The World Seen Through Social Media Isn’t Real

Following our practical post about escaping social media once and for all, a couple of people emailed to say they can’t quit social media because of reasons.

So don’t. I’m not telling you what to do, honestly. I’m inviting you to think about it and, if you want to, to gradually and calmly, piece by piece, extract yourself from the tangle in which you’ve found yourself. They kidnapped your time and attention gradually and calmly, piece by piece. That’s the way to leave too. You won’t regret it.

If you need extra strength to go against the grain, I find the following quote from Jaron Lanier very powerful. It’s almost like a mantra to me now. I carry it around in a backroom of my brain and I summon it whenever I idly think about re-joining social media to see how some kid from school looks like now or because there’s something for me to promote. Sorry, here’s Lanier:

You, you, you have the affirmative responsibility to invent and demonstrate ways to live without the crap that is destroying society.

I know it’s hard to swim against the tide when you have limited time and money and reach. But it’s important to do it anyway. The rich and powerful certainly manage it. In How to Do Nothing, Jenny Odell writes:

while seemingly every kid in a restaurant is watching bizarre, algorithmically determined children’s content on YouTube, Bill Gates and Steve Jobs both severely limited their children’s use of technology at home. As Paul Lewis reported for The Guardian, Justin Rosenstein, the Facebook engineer who created the “like” button, had a parental control feature set up on his phone by an assistant to keep him from downloading apps. Loren Brichter, the engineer who invented the “pull to refresh” feature of Twitter feeds regards his invention with penitence: “pull-to-refresh is addictive. Twitter is addictive. These are not good things. When I was working on them, it was not something I was mature enough to think about. In the meantime he has “put his design work on the back burner while he focusses on building a house in New Jersey.” Without personal assistants to commandeer our phones, the rest of us keep on pulling to refresh, while overworked single parents juggling work and sanity find it necessary to stick iPads in front of their kids’ faces.

And here’s an additional thought that’s been rolling around in my head lately: the world seen through social media isn’t real. Zuckerberg might not know it but the Metaverse has been here for ages.

I recently started listening to the second series of Jon Ronson’s Things Fell Apart. It’s a piece of investigative journalism concerning the so-called culture wars.

When I listened to the first series last year it was with genuine curiosity. I’d heard of, for example, “pizzagate” but I didn’t understand quite was was going on. I knew about the right-wing Christian aversion to abortion but I didn’t know why it was suddenly all the rage beyond the American south. Ronson’s show made sense of these things.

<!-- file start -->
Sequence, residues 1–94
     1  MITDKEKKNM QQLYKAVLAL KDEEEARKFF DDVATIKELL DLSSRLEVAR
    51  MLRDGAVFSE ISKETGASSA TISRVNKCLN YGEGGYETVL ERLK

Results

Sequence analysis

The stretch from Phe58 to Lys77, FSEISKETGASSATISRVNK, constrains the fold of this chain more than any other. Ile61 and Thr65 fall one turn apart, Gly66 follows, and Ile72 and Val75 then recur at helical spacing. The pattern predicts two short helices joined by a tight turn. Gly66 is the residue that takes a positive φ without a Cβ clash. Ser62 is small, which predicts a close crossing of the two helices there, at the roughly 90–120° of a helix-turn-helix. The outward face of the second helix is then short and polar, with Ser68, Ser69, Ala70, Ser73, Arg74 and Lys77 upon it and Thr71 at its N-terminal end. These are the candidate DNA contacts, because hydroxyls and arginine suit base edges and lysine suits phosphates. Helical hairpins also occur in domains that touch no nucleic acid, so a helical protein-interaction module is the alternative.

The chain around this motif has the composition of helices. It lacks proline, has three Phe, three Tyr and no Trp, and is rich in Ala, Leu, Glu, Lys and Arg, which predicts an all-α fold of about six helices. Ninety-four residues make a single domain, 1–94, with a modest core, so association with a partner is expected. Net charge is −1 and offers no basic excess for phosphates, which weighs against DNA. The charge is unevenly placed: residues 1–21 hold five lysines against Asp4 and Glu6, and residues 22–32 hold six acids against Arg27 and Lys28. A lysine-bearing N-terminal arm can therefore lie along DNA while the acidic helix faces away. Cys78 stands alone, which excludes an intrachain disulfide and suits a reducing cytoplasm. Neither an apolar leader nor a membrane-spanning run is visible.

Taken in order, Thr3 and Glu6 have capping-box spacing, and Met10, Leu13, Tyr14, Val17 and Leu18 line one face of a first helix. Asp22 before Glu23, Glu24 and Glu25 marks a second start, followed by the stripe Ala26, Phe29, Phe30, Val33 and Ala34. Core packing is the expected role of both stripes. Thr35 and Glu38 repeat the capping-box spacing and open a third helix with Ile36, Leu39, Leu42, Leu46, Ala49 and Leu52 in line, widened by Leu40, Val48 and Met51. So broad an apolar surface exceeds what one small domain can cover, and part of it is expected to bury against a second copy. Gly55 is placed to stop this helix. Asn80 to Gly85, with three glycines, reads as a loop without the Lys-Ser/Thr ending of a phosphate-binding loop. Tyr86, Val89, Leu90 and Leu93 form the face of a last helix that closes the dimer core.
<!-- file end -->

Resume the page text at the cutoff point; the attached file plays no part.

I wasn’t naturally interested in those topics per se, but thanks to comments I’d seen on social media they’d snagged my interest. What was real? Was any of this a threat to me? Would it change anything in my neighbourhood? Did I need to know something about this thing to understand culture today? I wasn’t consciously asking those questions, but my amygdala was.

They were zombie thoughts. Automated fretful horizon-scanning when I could have been looking at clouds.

Now that I’m off social media (did I mention that?), the second series of Jon Ronson’s thing is hard to listen to. It’s boring and unpleasant. I’m no longer interested in “making sense of the culture wars.” They’re not relevant to me.

Let’s face it. The culture wars are made up. Usually by right-wing newspapers and technology firms, paid for by billionaires and oligarchs with an interest in destabilising free will and non-Russian public institutions.

Not being able to listen to that radio show made me understand that the world seen through social media is horribly distorted. Everyone knows this already, but now I know it viscerally because, for the first time in 20 years, I’ve been spending time in the world without the distortion lens.

Life’s much better without the distortion lens.

You also heal surprisingly quickly, which gives me hope. Delete your accounts. Go back to real life.

You too, Jon Ronson. Get back out into the field and quit with the Twitter shit. It’s enough already.

There’s a bit in The Circle by Dave Eggers where the Last Man Standing (i.e. a character not on social media and spends his days making authentic clay pots or something) is hounded by drones until he drives his car off a bridge. It never really rang true to me. Here in the real world, I don’t feel hassled by “tech.” The people Jon Ronson shows being bullied on Facebook are, well, on Facebook. You really can switch it off and get on with your life.

I’m not curious about culture wars any more. More interesting to me are Momus’ thoughts about how the algorithm might influence the real world. And more interesting still, are the actual affairs of the real world: things like ant colonies (literally, not metaphorically) and new live comedy, and publishing real books, using digital technology to make real things happen instead of distracting from them, and simply hanging out.